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Final German GDP: How Fast Will the EU Economy Recover?

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Tomorrow we get the final report on Germany’s GDP numbers.

Expectations are for these numbers to confirm the preliminary numbers showing that Germany’s GDP contracted in the first quarter by 1.7%. This is in comparison to a growth of just 0.5% in the final quarter of last year. That means Germany would most likely avoid falling into a technical recession.

Although the talk of recovery is dominant, there is also a question of what the economy is returning to. The thing is, technically avoiding a recession has become something routine for Germany.

Prior to the pandemic, the largest economy in Europe oscillated between meager growth and minor contraction and essentially remained stagnant.

A recovery to stagnation?

Germany’s economy is about 6% smaller than it was at the start of the pandemic. That would put it at about the size it was in mid-2016.

Following the 2011 euro crisis, Germany had healthy economic growth until the end of 2018. It then basically tracked sideways until the pandemic.

Right now, many analysts are looking optimistically towards recovery. That said, during the distraction of covid, Germany has not made significant strides in terms of economic structural reforms to push the economy beyond mere recovery.

It’s true that CEO optimism is the highest it’s been in decades. On the other hand, Germany just suffered an economic and diplomatic blow with the EU not ratifying the investment and trade agreement with China, the final policy push by outgoing Chancellor Merkel.

Where are we going?

A consensus is still forming for the second quarter. Analysts are generally expecting a reversion in the data.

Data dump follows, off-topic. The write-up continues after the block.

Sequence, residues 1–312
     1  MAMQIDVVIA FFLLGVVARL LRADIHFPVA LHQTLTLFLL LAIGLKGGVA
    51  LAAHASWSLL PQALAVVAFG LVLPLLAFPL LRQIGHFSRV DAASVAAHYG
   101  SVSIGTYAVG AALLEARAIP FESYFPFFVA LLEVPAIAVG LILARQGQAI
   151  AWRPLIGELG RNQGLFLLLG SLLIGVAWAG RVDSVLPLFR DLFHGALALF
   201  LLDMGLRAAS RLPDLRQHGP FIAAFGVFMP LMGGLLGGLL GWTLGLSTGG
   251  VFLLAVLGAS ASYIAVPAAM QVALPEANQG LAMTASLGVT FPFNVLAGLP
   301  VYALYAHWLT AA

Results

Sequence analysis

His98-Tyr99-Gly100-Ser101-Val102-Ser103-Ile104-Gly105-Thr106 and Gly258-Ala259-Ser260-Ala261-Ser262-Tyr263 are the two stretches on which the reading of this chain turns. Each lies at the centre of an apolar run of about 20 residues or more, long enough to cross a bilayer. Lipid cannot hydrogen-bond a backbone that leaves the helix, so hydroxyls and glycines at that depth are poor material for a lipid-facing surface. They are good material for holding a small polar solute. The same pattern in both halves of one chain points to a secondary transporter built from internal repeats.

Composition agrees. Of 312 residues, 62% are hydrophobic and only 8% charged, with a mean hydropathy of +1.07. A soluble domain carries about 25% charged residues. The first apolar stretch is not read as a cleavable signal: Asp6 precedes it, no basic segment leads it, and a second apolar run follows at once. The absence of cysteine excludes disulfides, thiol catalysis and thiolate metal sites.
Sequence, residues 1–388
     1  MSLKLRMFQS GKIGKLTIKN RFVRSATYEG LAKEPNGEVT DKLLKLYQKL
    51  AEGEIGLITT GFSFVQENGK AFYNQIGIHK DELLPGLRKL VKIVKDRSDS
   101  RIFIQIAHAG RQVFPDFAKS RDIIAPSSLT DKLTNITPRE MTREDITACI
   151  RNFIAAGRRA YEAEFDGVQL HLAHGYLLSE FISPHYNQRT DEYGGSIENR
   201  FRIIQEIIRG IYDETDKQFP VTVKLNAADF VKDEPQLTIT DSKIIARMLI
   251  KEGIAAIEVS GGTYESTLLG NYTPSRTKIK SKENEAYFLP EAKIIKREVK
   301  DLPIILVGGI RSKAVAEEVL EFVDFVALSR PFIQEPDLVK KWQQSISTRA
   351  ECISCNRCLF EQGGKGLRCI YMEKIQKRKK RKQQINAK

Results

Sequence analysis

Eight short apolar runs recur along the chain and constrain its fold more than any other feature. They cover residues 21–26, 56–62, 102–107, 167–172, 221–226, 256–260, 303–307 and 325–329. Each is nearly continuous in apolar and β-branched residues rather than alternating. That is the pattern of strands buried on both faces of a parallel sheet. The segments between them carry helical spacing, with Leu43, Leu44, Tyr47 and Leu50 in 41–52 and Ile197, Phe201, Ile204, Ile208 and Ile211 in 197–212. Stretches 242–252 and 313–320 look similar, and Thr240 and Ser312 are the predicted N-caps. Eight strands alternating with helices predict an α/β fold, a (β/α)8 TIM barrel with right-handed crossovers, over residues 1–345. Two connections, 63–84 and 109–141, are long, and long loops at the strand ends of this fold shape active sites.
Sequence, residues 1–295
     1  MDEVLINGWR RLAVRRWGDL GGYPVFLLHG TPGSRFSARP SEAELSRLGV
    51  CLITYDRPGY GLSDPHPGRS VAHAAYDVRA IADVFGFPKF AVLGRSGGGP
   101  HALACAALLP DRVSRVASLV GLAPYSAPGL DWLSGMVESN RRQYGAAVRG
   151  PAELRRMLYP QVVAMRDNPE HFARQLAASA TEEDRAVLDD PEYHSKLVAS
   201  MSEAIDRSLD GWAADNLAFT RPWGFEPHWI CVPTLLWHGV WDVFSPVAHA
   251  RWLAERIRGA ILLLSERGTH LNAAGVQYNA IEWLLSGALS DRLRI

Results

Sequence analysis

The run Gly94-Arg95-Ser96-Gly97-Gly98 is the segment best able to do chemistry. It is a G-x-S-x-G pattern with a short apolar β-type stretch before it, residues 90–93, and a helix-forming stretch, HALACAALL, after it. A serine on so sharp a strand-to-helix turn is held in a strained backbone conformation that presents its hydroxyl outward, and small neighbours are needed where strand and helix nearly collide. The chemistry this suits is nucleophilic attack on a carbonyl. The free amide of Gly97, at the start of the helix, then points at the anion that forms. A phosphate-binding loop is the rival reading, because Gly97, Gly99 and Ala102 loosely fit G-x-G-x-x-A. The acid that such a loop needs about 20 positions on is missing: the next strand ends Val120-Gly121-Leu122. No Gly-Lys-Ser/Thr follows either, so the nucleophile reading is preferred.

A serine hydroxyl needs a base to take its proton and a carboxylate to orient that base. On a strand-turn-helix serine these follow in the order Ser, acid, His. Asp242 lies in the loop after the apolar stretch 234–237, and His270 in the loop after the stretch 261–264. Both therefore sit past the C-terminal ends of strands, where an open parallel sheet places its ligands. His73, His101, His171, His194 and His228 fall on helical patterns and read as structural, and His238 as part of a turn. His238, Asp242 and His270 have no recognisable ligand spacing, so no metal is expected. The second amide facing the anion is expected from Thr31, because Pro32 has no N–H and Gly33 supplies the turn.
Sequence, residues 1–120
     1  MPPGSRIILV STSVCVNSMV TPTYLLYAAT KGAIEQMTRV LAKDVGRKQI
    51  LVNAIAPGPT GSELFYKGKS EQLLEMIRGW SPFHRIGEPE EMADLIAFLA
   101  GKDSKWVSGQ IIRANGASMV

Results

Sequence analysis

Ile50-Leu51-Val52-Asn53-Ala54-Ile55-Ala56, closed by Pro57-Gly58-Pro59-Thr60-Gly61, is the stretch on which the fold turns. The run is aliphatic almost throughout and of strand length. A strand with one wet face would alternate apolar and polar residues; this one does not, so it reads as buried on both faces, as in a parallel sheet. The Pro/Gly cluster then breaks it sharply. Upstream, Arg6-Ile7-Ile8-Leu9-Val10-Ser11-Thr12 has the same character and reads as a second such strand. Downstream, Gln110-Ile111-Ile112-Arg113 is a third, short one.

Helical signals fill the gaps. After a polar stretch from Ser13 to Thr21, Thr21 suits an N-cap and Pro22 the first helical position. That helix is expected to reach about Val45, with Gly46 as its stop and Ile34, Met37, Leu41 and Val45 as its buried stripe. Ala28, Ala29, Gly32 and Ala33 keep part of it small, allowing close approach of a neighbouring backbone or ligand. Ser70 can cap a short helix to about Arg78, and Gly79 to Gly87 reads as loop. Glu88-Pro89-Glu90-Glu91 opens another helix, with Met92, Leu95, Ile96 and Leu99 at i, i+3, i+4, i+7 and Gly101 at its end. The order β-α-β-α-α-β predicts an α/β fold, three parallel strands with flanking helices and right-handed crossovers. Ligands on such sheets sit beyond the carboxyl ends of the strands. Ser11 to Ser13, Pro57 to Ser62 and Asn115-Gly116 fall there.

An average of the available projections shows an expectation that Germany’s Q2 GDP will show a growth rate of 1.7%. This would put the county in line with the Bundesbank’s projection of a return to pre-pandemic levels by the end of the year.

On the more worrisome side, the same Bundesbank projections show that inflation will likely peak at 4% this year. Meanwhile, economists expect the ECB to keep policy the same.

So, the end result of two years of dealing with the pandemic might be that the German economy is right where it started four years ago. Although, the German people now have significantly less purchasing power. Not to mention the government is in debt for the first time in decades, needing to draw down spending to return to their fiscal rule.

What does it mean for the markets?

Because of the slower vaccine rollout, Germany is expected to be in catch-up mode with other major economies for the rest of the year. This might offer potential investment opportunities, and support the stock market.

With other economies relying more on deficit spending to get them through covid, the projection of 4% inflation in the eurozone might be comparatively modest, which could support the euro.

However, that means that once normalization has completed, Germany will have increased export costs. This will provide a headwind for what so far has been propping up their economy: exports outside the eurozone.

Optimism about the recovery might be a strong driving force for the next few months. But traders ought to be aware of what could happen to the markets when investors realize what returning to normal for Germany really means.

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